Three days after the man jumped, a fisherman spotted a body in the water. This happened right near the end of a runway at Logan Airport, just as the fireboat captain had predicted. A police boat removed him from the harbor. He was identified by the medical examiner as the man who had committed suicide in front of us.

He'd turned up precisely where the fireboat captain had predicted. The estimate had been off by just one day.

17 Comments:

Blogger DPL said...

It's sad that this time of year brings back such tragic memories for you. Despite his ill-fated choice, I'm glad he had the sense not to let any fingers get pointed because of it.

I know you're experienced enough not to get rattled much by recollections like that (especially after so long) so Happy Holidays, TS.

Dan

1:19 PM  
Blogger TS said...

Thank you, Dan. And to you as well.

No, it doesn't ruin the holiday for me, or anything like that. It's just something that I recall every year right before Christmas.

3:07 PM  
Anonymous Anonymous said...

Wow.

Just.

Wow.

11:30 AM  
Blogger amusings_bnl said...

that's a sad and amazing story. i do believe that you tried, everyone tried. and i wonder about the aftermath... the wife who dumped him, the family on both sides... the friends.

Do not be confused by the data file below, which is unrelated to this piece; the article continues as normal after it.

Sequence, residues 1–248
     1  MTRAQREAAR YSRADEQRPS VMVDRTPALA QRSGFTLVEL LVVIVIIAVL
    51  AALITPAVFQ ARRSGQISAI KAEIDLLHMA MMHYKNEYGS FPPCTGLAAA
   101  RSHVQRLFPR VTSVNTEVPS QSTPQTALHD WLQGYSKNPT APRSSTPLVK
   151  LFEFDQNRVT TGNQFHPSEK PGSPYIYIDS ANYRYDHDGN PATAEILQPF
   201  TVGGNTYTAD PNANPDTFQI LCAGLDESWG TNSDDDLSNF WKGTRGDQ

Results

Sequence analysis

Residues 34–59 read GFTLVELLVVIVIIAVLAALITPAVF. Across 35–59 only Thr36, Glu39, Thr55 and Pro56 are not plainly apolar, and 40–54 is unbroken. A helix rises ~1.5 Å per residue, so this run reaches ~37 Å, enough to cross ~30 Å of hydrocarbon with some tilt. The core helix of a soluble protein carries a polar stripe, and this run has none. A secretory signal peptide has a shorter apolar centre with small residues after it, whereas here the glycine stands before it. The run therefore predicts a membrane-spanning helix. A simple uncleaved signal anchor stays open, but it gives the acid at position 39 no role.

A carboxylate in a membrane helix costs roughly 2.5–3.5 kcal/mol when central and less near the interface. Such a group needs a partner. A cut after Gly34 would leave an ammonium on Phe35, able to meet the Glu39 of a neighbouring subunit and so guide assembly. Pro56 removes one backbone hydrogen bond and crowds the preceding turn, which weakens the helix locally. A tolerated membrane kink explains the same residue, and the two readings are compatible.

barenaked ladies has an amazing song called "War On Drugs" which is about people who try to commit suicide.

"Near where I live there's a viaduct
Where people jump when they're out of luck
Raining down on the cars and trucks below

They've put a net there to catch their fall
Like it'll stop anyone at all
What they don't know is when nature calls, you go

They say that Jesus and mental health
Are just for those who can help themselves
But what good is that when you live in hell on earth?"

not exactly the kind of lyrics one expects from the "If I had a million dollars" guys... I'll think of your story, your jumper, when i hear this song now.

3:32 PM  
Blogger TS said...

BNL happens to be among my favorite groups. I know that song well, and I agree with you: It's a really good one, and an unusual one for them.

Good observation.

5:03 PM  
Blogger Brendan said...

"BNL happens to be among my favorite groups. "

I knew there was a reason I liked you. ;-)

10:21 PM  
Blogger Dale said...

It's funny but I don't think this is really sad. Or, no... it's really sad, but it's not bad that it's sad. Sometimes people need sadness in their life, it's unfortunate that it often comes at the expense of someone else. But he was thoughtful enough through his pain to let you all off the hook.

One bright, cool day I was driving from work to pick up some lunch, it was wintertime but I don't think it was Christmas.